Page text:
CS recently went along to the latest event set up by the guys from the Young Creative Council. The event, hosted by Mother, was titled ‘How do you talk to people in a digital world?’. Not content with a boring ‘first come first serve’ system for dishing out the free tickets, the only way to get through the door for this one was to back the winner of an online snail race.
First up was Pete Hellicar, one half of Hellicar & Lewis. Pete started his talk entitled ‘Burnt Toast’ (they name the presentations after whatever they where doing when the request comes through) with a brief history about how he got to where he is today. When he was fifteen, Pete borrowed his sister’s skateboard and was instantly hooked. As well as the skating, he loved the DIY aspects of the culture, from making zines and videos to building ramps, which led to Pete setting up his own skateboard company in 1996. His next move was out to California to working as an Art Director for skate brand Etines. It was here that he began to experiment with set building, creating systems that would allow him to design quickly without having to spend hours in front of the computer. Pete moved back to the UK and met his creative partner Joel Lewis, and in 2008, Hellicar & Lewis was born.
Right from the start they were clear about their values and the sort of work they wanted create. Using open systems that create narratives is something that runs through the work they produce. Pete explained that this means ‘people will be in the moment and have something to talk about’. Self-documentation is also something they try to build into all of their work as a way of quantifying what they are doing and because, as Pete says, ‘we get a kick out of looking at the documentation afterwards.’ Another running theme through their work are uncertain outcomes. They have an idea of what is going to happen, but there are always surprises, and for them that is where the fun is. Pete summed it up by explaining ‘if you knew exactly what it was going to look like at the end, then there’s no point in doing it’.
He moved on to talk about a couple of their more recent projects. During a meeting with Ian Tait they were asked to help out on a pitch for Coke. The idea developed into Coke 24hr Music, a 24 hour music event broadcast on the Internet that allowed interaction with a projection mapped multi-touch sculptural object in studio, with the fans interacting live via Twitter. They were able to create a real experience that drove a dialogue in the digital world and extended out to the real world.
He finished by talking about a project they are particularly passionate about. They have been developing a series of digital ideas designed to help Autistic children (CS will be catching up with the guys to talk about this project in more detail in the next couple of weeks). After finding out that the equipment on the market costs a huge amount, they decided they wanted to create something that was available to everybody. This is another great aspect of Hellicar & Lewis, everything they do is open source. Talking about the work they produce Pete told us ‘if you see something you like just take it, its all out there’. It’s really refreshing to hear people championing the sharing of knowledge to enhance creativity. Check out the rest of the Hellicar & Lewis portfoilo here.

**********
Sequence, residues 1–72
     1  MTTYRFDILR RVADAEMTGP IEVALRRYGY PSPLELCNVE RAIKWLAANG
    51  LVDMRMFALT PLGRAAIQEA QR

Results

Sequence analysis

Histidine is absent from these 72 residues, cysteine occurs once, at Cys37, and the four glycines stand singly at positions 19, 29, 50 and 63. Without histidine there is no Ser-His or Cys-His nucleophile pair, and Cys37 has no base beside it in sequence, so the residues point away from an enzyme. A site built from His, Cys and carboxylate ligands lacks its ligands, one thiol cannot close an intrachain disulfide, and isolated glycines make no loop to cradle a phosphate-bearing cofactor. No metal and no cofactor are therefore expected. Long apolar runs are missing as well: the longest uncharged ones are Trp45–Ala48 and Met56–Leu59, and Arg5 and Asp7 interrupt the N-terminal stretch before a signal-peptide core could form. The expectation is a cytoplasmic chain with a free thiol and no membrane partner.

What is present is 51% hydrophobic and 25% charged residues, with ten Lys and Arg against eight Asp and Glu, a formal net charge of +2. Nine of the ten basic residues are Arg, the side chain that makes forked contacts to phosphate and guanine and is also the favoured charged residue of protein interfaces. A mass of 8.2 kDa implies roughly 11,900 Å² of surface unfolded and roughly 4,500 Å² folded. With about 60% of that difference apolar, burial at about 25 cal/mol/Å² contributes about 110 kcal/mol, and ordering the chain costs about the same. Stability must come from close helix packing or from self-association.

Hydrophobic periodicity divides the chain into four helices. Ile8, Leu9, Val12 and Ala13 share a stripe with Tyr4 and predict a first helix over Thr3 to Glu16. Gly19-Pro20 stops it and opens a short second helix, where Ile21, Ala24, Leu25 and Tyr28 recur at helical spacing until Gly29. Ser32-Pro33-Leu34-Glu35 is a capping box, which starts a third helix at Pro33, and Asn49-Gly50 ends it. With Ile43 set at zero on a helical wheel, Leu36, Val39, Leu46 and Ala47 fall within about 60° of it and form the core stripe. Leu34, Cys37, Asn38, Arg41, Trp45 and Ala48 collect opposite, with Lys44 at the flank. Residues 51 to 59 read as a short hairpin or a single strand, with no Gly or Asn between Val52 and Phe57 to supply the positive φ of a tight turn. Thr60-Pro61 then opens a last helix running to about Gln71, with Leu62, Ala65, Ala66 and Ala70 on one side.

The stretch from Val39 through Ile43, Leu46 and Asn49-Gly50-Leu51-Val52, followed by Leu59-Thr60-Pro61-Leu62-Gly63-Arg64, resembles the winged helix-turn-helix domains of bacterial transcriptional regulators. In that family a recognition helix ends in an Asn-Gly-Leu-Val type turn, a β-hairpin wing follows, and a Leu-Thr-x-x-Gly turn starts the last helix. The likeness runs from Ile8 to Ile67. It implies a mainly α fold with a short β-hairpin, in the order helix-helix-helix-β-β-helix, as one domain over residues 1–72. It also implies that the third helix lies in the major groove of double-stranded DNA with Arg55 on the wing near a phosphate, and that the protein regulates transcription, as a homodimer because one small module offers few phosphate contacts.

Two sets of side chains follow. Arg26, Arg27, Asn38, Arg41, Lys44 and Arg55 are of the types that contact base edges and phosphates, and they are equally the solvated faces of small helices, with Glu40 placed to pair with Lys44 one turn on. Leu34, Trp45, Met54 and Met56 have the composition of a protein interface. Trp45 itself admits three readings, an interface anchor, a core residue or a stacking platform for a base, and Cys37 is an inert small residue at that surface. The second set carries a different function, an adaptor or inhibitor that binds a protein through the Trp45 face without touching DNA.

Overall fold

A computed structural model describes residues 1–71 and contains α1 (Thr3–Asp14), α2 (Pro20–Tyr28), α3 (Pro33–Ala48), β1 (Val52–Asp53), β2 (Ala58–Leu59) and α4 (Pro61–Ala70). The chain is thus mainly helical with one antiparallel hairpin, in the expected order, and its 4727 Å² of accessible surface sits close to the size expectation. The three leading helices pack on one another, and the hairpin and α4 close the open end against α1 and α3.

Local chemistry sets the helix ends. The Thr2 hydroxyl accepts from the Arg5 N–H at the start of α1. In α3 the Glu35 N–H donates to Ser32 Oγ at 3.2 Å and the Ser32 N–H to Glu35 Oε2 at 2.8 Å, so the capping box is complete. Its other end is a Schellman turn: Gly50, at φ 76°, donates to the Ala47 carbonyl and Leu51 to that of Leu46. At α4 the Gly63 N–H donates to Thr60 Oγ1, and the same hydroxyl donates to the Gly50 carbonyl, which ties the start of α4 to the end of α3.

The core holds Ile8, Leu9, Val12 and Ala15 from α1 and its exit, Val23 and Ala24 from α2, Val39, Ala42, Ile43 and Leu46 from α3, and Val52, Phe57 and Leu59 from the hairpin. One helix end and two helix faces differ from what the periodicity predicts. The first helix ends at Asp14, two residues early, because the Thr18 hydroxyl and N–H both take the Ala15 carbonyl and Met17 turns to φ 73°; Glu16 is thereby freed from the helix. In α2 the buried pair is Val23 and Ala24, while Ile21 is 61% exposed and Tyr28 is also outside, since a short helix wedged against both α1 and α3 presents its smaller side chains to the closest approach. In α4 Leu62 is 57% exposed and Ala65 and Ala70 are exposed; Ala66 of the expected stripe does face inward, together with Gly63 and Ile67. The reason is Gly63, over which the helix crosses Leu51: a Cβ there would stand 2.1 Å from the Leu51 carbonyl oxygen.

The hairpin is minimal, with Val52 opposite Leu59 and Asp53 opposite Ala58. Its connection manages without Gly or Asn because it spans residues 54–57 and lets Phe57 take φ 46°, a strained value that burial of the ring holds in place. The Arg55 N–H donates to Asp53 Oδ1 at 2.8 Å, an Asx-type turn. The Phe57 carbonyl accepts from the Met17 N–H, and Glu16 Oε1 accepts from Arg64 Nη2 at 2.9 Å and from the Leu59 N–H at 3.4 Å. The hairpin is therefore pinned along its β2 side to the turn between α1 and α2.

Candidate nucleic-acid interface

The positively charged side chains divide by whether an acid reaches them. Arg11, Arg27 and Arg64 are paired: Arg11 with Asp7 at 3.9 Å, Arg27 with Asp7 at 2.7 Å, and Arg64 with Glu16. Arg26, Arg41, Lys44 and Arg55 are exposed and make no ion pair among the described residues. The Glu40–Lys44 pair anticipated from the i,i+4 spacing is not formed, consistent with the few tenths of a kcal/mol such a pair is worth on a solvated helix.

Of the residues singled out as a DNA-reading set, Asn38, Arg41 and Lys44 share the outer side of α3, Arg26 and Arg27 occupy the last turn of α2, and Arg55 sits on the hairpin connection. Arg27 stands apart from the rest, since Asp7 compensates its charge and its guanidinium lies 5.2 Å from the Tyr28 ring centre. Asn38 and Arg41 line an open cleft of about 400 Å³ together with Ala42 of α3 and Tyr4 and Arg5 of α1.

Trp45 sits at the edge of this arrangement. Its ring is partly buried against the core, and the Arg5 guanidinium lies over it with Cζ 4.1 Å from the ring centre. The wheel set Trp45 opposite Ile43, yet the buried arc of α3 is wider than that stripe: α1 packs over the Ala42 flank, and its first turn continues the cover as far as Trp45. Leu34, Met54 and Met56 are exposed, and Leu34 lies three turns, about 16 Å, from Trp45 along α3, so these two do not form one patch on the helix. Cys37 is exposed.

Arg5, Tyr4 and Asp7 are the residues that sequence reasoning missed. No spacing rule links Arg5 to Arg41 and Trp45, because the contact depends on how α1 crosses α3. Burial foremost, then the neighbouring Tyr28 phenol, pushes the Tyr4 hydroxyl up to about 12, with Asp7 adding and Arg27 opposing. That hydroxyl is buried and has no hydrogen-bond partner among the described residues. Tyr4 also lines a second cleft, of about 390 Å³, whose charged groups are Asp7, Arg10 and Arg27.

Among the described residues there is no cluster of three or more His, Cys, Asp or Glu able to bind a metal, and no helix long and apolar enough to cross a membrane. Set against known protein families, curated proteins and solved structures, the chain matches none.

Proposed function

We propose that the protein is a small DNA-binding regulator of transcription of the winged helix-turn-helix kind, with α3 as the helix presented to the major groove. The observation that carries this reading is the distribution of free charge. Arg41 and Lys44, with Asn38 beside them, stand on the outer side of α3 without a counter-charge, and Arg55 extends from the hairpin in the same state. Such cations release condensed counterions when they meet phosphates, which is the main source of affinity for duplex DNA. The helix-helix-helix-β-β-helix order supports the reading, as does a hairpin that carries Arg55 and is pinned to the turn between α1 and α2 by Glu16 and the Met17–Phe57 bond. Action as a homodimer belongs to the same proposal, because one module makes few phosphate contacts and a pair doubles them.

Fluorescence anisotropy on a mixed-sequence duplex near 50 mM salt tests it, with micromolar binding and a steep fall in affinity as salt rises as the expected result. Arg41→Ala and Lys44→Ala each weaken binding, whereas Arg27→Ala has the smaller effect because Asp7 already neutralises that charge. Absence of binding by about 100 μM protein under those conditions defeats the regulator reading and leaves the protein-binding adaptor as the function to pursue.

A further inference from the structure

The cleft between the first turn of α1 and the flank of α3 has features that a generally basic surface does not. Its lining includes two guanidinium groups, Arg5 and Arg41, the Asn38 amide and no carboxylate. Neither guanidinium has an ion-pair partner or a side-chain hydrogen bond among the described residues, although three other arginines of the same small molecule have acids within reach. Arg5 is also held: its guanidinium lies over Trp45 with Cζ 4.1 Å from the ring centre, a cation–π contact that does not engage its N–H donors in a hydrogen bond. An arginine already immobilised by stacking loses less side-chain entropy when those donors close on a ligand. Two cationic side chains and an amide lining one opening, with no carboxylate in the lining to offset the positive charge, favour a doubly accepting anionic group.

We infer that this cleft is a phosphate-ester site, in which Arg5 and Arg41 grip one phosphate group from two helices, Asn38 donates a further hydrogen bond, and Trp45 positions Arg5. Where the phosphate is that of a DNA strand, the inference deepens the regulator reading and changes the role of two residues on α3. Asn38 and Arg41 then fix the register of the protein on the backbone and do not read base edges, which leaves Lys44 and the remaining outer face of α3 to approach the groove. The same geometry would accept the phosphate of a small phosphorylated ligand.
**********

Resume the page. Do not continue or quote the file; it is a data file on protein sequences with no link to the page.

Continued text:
Next up was a man who needs little introduction, Tom Uglow, Creative Director for Google and YouTube in Europe. He took us through some of the projects he has been involved with in the last few years, starting with the Android Yourself app. He explained that this had been created as an extension of the logo design but had gone on to reach top of the download chart after it was released at the Mobile World Congress. He made the point that success can come from simply asking the question ‘what should we do with it now?’.
Tom went on to discuss how a digital conversation is started. Today we are all incredibly immersed in the digital world and conversations take place seamlessly across different platforms and locations. Giving people the ability to publish instantly and broadcast live has made a massive impact on the world and led to some extraordinary things. He used the example Rebecca Black’s ‘Friday’ song that notched up over a 150 million YouTube hits in a matter of weeks.
Tom talked about how the ‘Life in a day’ project began as an experiment into global similarities and a curiosity about what would happen if everybody in the world did the same thing at the same time. By adding data to the clips that were gathered, they were able to navigate through the vast amount of videos and create clusters. Tom admitted that the results were much better than they had ever expected and the project eventually developed into a feature film.
Another project Tom spoke about was YouTube Space Lab. Open to 14-18 year olds, the basics of the competition is to encourage kids to create a science experiment that can be carried out in space. Tom said that a challenge with this type of project was was how to start with a huge audience, then narrow it down to select the winners, and then extending it out again so that it reaches a huge global audience. A successful example of this was the YouTube Symphony Orchestra. They received between 3 and 4 thousand video auditions in 2009 and had an audience of 40 million when the symphony was broadcast live. Tom explained that these sorts of numbers didn’t just happen. Creating something like this is an incredibly complex journey with many steps. In the end its about creating a narrative around a shared passion, this sort of success relies on connecting with people on an emotional level.
A great event with some really interesting speakers. Keep your eyes on the YCC blog for more of the same.